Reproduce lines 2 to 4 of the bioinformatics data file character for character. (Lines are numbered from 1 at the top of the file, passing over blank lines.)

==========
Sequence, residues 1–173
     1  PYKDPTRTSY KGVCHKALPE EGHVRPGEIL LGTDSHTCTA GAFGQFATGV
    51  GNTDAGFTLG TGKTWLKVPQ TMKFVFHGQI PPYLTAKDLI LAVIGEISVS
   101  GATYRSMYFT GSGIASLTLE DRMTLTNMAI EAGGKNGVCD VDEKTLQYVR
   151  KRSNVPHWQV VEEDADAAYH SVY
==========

     1  PYKDPTRTSY KGVCHKALPE EGHVRPGEIL LGTDSHTCTA GAFGQFATGV
    51  GNTDAGFTLG TGKTWLKVPQ TMKFVFHGQI PPYLTAKDLI LAVIGEISVS
   101  GATYRSMYFT GSGIASLTLE DRMTLTNMAI EAGGKNGVCD VDEKTLQYVR